In the essay that follows, Justin Robison compares the depiction of King Kong in Skull Island to his own unique, radically different Kublai Kong in Fifty Feet of Trouble. The eloquent portrait of Kublai Kong, included in the print version of the novel, is by Fernando Caire.
It should come as no surprise that I am a fan of King Kong. Not so much the 2005 Peter Jackson version. My feelings for that one, and one of the most important writing lessons I ever learned, is best summed up by the Tripod song of the same name. (You’re going to want to google that one, and if you’re at work, put on some headphones. You’re welcome.) I like the original, and more to the point, like with a lot of monster movies, I like the character far more than I like any one execution of him. I prefer the idiosyncratic amalgam that exists only on my head, but that, like any fan, I will defend to the death as the one true version.
Once I hit on the idea of including the 50 Foot Woman as the femme fatale in Fifty Feet of Trouble, I knew I’d be adding a Kong-equivalent as an abusive boyfriend. I don’t know what to tell you; that’s how my mind works. I wrote Fifty Feet of Trouble in the latter parts of 2013 and early parts of 2014, so the new film wasn’t on the horizon, and I’d mostly dismissed the Jackson attempt as “that really long slog I might watch if I’m sick or hungover.” It was more the image of the great ape that inspired me, the same way my mind had combined the Lon Chaney Phantom of the Opera with Phil Alvin of the Blasters and Willem Dafoe in Streets of Fire to produce Cacophony Jones. Like I said, it’s the amalgamations in my head that I’m obsessed with.
So with the love of the character, it wasn’t a matter of if I’d see Kong: Skull Island, but when. Their take on the giant ape is vastly different than the one I used on my book, which can largely be chalked up to the differences in genre. Fifty Feet of Trouble is a comic neo-noir; Kong: Skull Island is a pulp horror/adventure.
The Kong of the movie (who I’ll refer to as “King,” and my version as “Kublai,” to avoid confusion), is ostensibly a relic of an earlier time. He’s the last of his kind, and it’s outright stated that there was a whole race of these giant apes. While previous incarnations have left the reasons for the near extinction a mystery, Skull Island points to a bunch of lazily-designed legless lizard monsters as the culprits.
My Kublai doesn’t have that element of tragedy at all. He’s part of a “type” of monster, the monkey khan, and while they’re far from common, he’s not the only one in the world. Perhaps more importantly, like every monster in the City of Devils universe, Kublai used to be human. Another monkey khan turned him from an insignificant human to one of the more powerful monsters in the world. You can kind of get an idea of who he used to be. He’s the kind of person that took his newfound power, built a giant gold room and a throne, and romances women much too small for him. (Other monsters would point out that a woman should be half your height plus seven feet before she’s a viable date, but I digress.) Kublai was a small man in life, and paradoxically, as shown in the book, he’s remained small on the inside. Kublai does eventually get into a Kong-caliber fight, but it’s entirely for selfish, petty reasons.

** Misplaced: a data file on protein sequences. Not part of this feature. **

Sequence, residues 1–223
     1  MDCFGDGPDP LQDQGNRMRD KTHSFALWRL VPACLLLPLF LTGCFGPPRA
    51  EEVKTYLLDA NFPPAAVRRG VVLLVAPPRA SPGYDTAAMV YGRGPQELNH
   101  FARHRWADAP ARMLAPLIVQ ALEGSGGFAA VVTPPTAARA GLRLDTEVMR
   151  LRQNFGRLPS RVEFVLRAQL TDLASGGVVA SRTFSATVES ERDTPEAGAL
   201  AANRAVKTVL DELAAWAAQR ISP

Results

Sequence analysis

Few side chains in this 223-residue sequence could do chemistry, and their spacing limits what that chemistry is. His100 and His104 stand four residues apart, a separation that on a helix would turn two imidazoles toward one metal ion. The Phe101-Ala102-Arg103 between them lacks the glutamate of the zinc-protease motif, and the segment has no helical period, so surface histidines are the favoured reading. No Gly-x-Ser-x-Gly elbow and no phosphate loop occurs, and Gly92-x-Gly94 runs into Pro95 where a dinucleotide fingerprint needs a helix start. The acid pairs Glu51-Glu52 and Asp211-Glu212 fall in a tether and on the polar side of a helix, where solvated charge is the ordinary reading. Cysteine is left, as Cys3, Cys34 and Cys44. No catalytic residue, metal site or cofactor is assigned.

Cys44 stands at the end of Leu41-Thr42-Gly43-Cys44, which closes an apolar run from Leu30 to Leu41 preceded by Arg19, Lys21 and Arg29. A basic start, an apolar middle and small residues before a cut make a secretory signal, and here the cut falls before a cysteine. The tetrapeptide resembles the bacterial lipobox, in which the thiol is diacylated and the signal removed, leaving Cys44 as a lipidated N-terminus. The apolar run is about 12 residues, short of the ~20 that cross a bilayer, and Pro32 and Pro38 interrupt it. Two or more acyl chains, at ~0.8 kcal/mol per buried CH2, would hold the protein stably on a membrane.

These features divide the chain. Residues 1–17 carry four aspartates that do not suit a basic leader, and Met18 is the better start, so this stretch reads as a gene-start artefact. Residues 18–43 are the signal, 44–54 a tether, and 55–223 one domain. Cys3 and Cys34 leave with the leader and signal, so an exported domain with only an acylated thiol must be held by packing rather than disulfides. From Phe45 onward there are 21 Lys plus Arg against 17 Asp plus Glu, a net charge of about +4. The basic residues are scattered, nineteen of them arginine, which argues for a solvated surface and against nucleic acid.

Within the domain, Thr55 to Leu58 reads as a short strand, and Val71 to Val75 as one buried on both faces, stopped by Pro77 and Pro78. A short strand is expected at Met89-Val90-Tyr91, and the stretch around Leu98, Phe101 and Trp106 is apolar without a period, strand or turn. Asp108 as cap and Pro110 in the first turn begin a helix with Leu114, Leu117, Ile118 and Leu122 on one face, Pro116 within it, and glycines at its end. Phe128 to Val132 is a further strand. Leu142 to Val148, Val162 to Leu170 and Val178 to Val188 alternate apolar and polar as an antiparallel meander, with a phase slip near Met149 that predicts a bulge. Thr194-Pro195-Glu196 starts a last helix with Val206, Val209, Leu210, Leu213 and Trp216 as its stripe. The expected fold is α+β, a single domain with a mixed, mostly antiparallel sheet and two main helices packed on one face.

He’s never done anything heroic in his life, unlike King, who is a hero. The next best thing to an Avenger, really. He’s basically the Hulk, if you added about fifty stories and a hundred thousand tons. (maybe that’s why they cast Loki?) King is basically the thin banana-smelling line between Earth and an omnicidal breed of subterranean monsters. He doesn’t wrestle lizard things because what else is a bored giant gorilla to do. He wrestles lizard things because they killed his parents. King is a tragic hero, spurred by grief to save the world. Give him a cape and a cowl and he’s Batman. (He is vengeance. He is the night. He is… Batkong.)
Kublai, though, is a City of Devils monster. There’s nothing in this world I despise quite as much as bullies, and many of the villains in the series have taken that form. Kublai is no exception. He’s completely self-serving, his presence in the finale mostly because he can’t believe anyone would defy him. He’s not out for vengeance. He couldn’t care less about saving the world. He’s taken to heart the idea that a while a five hundred pound gorilla might sit wherever he wants, a five hundred thousand ton gorilla does whatever he wants, and that includes wrecking large parts of a city.
King isn’t even the bad guy of Skull Island. Sure, the first we see of him, he’s swatting helicopters like flies at a barbecue, but look at it from his perspective. He was chilling at home, maybe looking around for a lizard to wrestle, when suddenly these guys come in and start bombing his home. After the initial dust-up, he’s pretty merciful to the survivors, too. He only ever kills one more, and to be fair, that guy had just set him on fire. The true villains are both the lizard monsters, whose motives appear to be largely culinary, and Sam Jackson’s character, who wants a little payback on the ape who killed his men. A circle of vengeance that involves lizard monsters, a giant ape, and Samuel L. Jackson, might be the greatest vengeance circle in history.
Kong: Skull Island is poised to be the second film in a shared cinematic universe of giant monsters. I imagine he’ll stay roughly the same, the anti-hero who wrestles the monsters humanity can’t. I can also promise that if Kublai ever returns, he’ll be the same cad we saw in Fifty Feet of Trouble. After all, you can’t teach an old gorilla new tricks.